Sunday, 31 December 2017
IN DULCI JUBILO–O–OH!
This time of the year darkness prevails during most of the day. Difficult to decide when to get out of bed, since daylight chooses to appear first around 9 am, and that only hesitantly. The other day, I managed to rise a bit early, fumbling around in the dark before turning on all the lights in the apartment to jump start my sleep-drunken mind. During the holiday season, my favorit breakfast haunt stays closed, so I was sitting at my kitchen table, sipping coffee and hoping for Hammarby Sound to emerge from its sombreness.
Suddenly, a ferry emerged, like an apparition, to commence its round-trip on the sound. Out with the camera and, "Clapunck!", the view was preserved for your contemplation. The boat shined like an apparition in the general gloominess and its delicate luminance got me thinking about a carol that we used to sing in our high school choir around this time of the year. In fact, it is the only song I remember from singing at school. The reason being, I believe, that the verses are half Latin, half German, which must have impressed me greatly in those days.
Hearing this song, you would not have guessed that it is more than 700 years old. But it has its roots in the Gregorian Lithurgy, the singsong that can still be heard in catholic masses, at least in the more festive ones. In early middle age, the officiating clergy must have tired of these, let's face it, monotone recitals and tried to embellish them with more melodious outbursts, called Tropi. The song "In dulci jubilo" is a macaronic tropus, with text in alternating Latin and German phrases.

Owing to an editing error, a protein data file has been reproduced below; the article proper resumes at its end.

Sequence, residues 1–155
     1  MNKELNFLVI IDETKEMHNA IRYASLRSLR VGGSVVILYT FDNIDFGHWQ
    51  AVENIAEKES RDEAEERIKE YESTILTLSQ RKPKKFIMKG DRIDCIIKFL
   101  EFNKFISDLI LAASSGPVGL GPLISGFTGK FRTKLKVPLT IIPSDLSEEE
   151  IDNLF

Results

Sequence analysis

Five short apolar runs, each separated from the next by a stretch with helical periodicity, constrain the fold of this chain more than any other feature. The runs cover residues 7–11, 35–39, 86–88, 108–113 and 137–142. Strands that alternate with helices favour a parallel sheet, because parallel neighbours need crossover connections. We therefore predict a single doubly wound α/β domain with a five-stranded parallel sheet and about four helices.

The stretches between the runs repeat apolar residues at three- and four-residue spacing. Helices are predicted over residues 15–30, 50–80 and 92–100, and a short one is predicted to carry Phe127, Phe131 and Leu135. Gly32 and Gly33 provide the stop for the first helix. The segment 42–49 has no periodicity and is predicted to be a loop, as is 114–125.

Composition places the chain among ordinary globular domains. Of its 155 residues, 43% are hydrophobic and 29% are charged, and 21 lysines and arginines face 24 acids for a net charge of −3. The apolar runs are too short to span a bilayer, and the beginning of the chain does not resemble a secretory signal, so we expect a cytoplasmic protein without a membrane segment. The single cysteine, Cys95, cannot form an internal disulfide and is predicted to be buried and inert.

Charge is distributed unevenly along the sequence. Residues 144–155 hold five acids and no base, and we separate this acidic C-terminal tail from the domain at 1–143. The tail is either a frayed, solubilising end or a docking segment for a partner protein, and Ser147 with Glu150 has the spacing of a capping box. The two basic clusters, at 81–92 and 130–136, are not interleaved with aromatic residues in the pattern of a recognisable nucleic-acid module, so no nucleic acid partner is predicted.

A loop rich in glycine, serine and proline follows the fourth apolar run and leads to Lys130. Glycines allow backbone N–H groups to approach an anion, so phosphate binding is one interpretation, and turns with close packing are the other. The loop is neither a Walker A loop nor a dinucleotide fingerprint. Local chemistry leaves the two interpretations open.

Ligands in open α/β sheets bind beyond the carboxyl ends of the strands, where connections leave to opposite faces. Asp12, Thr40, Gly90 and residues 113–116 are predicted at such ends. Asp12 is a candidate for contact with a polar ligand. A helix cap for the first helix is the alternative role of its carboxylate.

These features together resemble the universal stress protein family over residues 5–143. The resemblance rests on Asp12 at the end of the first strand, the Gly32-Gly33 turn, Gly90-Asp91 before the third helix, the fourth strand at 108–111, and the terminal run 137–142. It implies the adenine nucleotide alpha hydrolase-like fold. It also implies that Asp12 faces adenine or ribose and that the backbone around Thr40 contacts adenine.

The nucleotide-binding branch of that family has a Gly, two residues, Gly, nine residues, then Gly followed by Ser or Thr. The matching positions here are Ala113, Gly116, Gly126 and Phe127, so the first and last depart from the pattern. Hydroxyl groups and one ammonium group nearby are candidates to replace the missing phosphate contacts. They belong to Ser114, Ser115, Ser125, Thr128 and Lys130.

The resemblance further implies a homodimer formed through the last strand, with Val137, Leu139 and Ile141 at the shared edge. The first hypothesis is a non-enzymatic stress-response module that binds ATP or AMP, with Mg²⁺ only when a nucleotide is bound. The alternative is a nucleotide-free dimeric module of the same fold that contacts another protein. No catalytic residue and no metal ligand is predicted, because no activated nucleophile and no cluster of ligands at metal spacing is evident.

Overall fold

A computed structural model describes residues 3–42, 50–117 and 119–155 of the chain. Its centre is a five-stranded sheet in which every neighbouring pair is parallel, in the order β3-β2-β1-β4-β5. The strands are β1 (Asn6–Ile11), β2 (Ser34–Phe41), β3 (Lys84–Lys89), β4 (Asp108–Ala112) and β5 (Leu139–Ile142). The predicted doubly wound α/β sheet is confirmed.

In dulci jubilo,
nun singet und seid froh!
Unsers Herzens Wonne
leit in præsepio
und leuchtet als die Sonne
matris in gremio.
Alpha es et O.
When hearing it performed, it strikes you that it sounds jubilant, indeed. You almost can feel the energy released, when allowing oneself to get rid of the traditional bonds of endless recitals and start singing a melodious song at long last. I am almost tempted to call it the true "Ode 'An die Freude' ".
In this spirit, permit me to finish this post by addressing you all, my faithful and patient readers, with
My very best wishes for Year 2018